Studies look at harmful behavior among siblings
ESPN’s recent 30 for 30 special, “I Hate Christian Laettner,” looks at the subject’s controversial time as a standout basketball player for the Duke Blue Devils. Laettner was despised by many basketball fans because of the way he played the game, including one incident where he stepped on a University of Kentucky Basketball player.
The documentary describes how Laettner bullied not only the opposition, but his own teammates. And where does the documentary say he learned such behavior? His older brother.
A University of Nebraska-Lincoln study gives a detailed look at bullying from siblings the Journal of Family Violence. The researchers talked to 400 undergraduates and found that students said they were bullied more by their siblings than by other children.
Last year, another study conducted by the University of New Hampshire discovered that 32 percent of children who said they were victimized by a brother or sister reported higher rates of mental-health issues.
Lisa Elliott, Ph.D., clinic manager of Cook Children's Behavioral Health in Denton, Texas, said she has seen several kids lately in her office dealing with problems related to siblings. Elliott, a licensed psychologist, said this goes beyond sibling rivalry or teasing. She is seeing abuse and parents need to be aware of the role they play in this issue. Especially if they are favoring one child over the other. Often times that "favored" child becomes the bully.
“Parents have to be careful that they don’t show favoritism, either directly or indirectly, intentionally or unintentionally,” Elliott said. “The perception of favoritism among siblings is one of the most harmful things parents can do to their children. It’s harmful to the child’s self-esteem, it increases bullying amongst siblings and it often creates very entitled children in the one who is favored.”
A study published in the journal, Pediatrics, showed that kids who had been bullied by their brothers or sisters for a prolonged period of time were twice as likely to report being clinically depressed when they grew up.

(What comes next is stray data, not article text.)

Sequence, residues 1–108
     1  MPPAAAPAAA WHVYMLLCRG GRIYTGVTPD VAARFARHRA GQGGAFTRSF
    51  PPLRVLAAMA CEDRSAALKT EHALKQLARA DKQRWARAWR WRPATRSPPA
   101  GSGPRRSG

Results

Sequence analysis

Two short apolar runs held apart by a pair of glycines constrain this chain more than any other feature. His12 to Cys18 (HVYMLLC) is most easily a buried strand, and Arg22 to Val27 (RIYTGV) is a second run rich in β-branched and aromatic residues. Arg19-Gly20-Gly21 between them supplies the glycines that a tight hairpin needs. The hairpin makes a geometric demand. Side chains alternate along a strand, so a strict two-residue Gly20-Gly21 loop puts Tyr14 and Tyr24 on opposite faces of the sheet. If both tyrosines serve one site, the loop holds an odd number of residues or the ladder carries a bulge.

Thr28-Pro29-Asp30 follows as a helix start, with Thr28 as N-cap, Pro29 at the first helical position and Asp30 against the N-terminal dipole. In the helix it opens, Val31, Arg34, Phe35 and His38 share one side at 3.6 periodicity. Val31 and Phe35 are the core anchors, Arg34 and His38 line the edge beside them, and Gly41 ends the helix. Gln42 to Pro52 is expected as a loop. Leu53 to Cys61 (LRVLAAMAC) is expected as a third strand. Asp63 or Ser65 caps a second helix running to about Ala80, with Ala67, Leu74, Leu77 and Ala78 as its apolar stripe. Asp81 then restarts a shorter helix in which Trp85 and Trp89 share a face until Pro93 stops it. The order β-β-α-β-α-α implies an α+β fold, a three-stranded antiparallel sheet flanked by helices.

"I certainly think in most families there is likely to be some level of conflict or disagreements among siblings at different times," said Joy Crabtree, a licensed psychologist at Cook Children's Southlake Urgent Care and Pediatric Specialties. "However, I think parents need to be aware of when it may be crossing a line, such as physical altercations, repeated name calling or degrading of a sibling etc. Sometimes it can happen out of ear shot of the parents so it’s important to talk about everyone maintaining respectful communication in the family. If a child feels uncomfortable or targeted, he or she needs to let mom or dad know because it may not be happening in front of the parent. If targeting is occurring, limits and boundaries need to be set so a negative pattern does not continue."
Research conducted by the Universities of Oxford, Warwick, Bristol and University of College London said that bullying among siblings is particularly upsetting because these children have no way out. Bullying includes persistent verbal or physical abuses, as well as just ignoring the other siblings for long periods of time.
“I see children in clinic who are upset about favoritism or jealous of a child or he or she feels an older sibling is being parental or bossy. Sometimes I see feelings of inferiority. But what I hear when it comes to bullying is something very different,” Elliott said. “This is abuse, either physically or verbal. These are siblings and they know each other better than anyone else. That familiarity allows them to say very hurtful comments that the sibling knows is a sensitive or private matter. Sometimes, I see ganging up on a sibling, where multiple brothers or sisters gang up on a child. In those cases, you see extreme physical aggression between siblings that can be every day and makes life miserable for a child.”
Elliott gives the following tips for parents to watch out for sibling bullying:
- All physical bullying needs to be addressed immediately and not tolerated.
- It is critical to understand the causes for the bullying to address whatever those reasons are –
- If a child is feeling inferior help, build that child’s self-esteem.
- If you are inadvertently showing what is perceived to be favoritism by one child, modify your behavior and be sure to praise each child equally with positive behavioral anchors.
- Don’t label your children as the “bright one”, the “musical one” etc.
- Finally, it is critical to teach your children how to problem-solve conflict effectively and how to have empathy for others.
For more information
Cook Children's Behavioral Health services provides a broad range of care that focuses on children from ages three years through 17, and their families. We also have some limited services available for children age two.